The Role of Entrepreneurship Theory and Methods, Practice and Policy
Edited by Sameeksha Desai, Peter Nijkamp and Roger R. Stough
Chapter 8: Explaining China’s Economic Growth: Does Entrepreneurship Matter?
Junbo Yu, Shaoming Cheng and Roger R. Stough 8.1 INTRODUCTION Entrepreneurship has been gradually incorporated into neoclassical economic analyses and widely accepted as one of the most important factors for economic growth. Strong empirical evidence of the significant impact of entrepreneurship on economic performance has been found at the firm establishment level (Audretsch, 1995; Caves, 1998; Sutton, 1997) and at the country level, particularly in Organisation for Economic Cooperation and Development (OECD) countries (Audretsch and Fritsch, 2002; Audretsch and Keilbach, 2004, 2005; Fritsch, 1997). However, the existing literature has not paid close attention to two urgent questions. The first one is: ‘How does entrepreneurship endowment and entrepreneurship policy shape regional economies’: and the other is: ‘To what extent does entrepreneurship development contribute to economic growth in transitional countries.’ The purpose of this chapter is, therefore, to provide analysis on how entrepreneurship has contributed to regional economic growth in China, the largest transitional country, from a planned to a more market-oriented economy. This chapter focuses on China’s provincial economic growth from 1996 to 2001, and entrepreneurship is explicitly included into an aggregate production function to test empirically for its contribution to growth. This chapter is important because it complements earlier literature and provides a theoretical and methodological foundation for future comparative studies. This chapter is also important because it offers a timely evaluation of China’s previous entrepreneurship development policies and performance, and thus provides valuable insights for China’s ongoing and future policy adjustment and improvement. 155 M2652 - DESAI PRINT.indd 155...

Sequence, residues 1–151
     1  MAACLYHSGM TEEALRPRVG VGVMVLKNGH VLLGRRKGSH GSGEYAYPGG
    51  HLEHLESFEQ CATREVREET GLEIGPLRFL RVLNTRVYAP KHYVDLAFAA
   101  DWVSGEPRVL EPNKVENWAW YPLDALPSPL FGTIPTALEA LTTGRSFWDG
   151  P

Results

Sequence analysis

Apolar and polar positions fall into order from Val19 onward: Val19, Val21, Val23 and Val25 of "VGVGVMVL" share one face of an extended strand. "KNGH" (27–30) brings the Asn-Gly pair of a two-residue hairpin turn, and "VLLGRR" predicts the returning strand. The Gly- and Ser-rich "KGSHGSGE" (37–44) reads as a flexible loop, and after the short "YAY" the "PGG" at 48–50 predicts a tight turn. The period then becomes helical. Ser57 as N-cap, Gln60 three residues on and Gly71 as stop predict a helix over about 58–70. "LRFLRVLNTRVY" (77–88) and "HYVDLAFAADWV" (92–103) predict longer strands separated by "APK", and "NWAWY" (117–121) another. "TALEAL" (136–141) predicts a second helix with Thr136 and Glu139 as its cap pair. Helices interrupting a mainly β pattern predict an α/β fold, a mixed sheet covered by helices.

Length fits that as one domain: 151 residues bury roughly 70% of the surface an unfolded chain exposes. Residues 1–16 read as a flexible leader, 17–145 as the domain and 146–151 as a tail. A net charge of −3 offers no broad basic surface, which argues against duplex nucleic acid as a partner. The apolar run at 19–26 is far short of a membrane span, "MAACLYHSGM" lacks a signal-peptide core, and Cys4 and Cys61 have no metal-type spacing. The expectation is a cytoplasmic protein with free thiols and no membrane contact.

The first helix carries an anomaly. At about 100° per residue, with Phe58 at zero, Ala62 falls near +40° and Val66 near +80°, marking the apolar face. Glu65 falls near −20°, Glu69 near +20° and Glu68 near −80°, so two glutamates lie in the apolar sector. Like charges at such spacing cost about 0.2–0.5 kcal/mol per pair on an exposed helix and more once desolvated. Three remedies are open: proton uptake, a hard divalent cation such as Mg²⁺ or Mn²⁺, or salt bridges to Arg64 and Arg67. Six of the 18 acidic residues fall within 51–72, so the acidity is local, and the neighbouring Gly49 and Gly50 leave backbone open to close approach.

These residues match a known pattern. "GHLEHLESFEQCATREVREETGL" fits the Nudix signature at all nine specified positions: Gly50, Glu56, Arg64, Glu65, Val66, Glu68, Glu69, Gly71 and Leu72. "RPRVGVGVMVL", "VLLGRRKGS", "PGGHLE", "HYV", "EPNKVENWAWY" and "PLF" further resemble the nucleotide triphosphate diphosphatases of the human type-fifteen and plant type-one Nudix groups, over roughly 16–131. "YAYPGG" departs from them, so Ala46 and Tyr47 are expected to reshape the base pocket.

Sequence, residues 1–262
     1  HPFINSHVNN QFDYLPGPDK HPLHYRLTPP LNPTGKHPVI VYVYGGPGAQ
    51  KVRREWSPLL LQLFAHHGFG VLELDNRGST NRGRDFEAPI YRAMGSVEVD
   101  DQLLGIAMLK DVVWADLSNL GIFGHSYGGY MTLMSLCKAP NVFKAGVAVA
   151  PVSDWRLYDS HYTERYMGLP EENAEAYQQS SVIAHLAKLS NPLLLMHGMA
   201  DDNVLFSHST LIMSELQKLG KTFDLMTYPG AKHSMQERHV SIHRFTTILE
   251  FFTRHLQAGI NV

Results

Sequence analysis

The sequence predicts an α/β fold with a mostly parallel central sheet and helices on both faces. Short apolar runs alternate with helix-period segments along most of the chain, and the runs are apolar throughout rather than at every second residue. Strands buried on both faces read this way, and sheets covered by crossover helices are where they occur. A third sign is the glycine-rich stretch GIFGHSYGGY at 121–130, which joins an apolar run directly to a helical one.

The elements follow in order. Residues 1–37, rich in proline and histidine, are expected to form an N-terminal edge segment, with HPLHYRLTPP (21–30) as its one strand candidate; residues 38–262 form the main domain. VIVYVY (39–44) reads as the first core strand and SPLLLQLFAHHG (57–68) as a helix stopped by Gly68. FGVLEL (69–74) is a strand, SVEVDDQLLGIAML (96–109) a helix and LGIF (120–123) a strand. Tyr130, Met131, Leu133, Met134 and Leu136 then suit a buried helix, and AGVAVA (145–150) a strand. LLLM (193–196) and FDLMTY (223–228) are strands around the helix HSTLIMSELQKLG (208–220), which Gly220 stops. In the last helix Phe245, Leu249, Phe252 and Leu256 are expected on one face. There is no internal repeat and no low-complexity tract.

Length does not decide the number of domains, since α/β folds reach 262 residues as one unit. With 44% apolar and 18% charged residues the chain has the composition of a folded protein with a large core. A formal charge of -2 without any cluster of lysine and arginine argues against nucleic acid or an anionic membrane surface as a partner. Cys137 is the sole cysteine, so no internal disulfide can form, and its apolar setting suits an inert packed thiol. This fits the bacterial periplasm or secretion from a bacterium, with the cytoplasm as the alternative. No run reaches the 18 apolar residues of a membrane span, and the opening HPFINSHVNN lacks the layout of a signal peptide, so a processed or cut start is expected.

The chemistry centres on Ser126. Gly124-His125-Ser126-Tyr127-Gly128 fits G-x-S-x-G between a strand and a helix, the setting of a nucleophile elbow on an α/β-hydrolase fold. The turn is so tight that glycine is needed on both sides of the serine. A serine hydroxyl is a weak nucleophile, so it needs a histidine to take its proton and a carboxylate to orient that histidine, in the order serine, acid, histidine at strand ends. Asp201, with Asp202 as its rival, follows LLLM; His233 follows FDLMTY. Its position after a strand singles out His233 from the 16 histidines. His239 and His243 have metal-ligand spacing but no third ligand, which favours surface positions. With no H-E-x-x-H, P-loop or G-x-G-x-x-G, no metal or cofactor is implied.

You are not authenticated to view the full text of this chapter or article.
Elgaronline requires a subscription or purchase to access the full text of books or journals. Please login through your library system or with your personal username and password on the homepage.
Non-subscribers can freely search the site, view abstracts/ extracts and download selected front matter and introductory chapters for personal use.
Your library may not have purchased all subject areas. If you are authenticated and think you should have access to this title, please contact your librarian.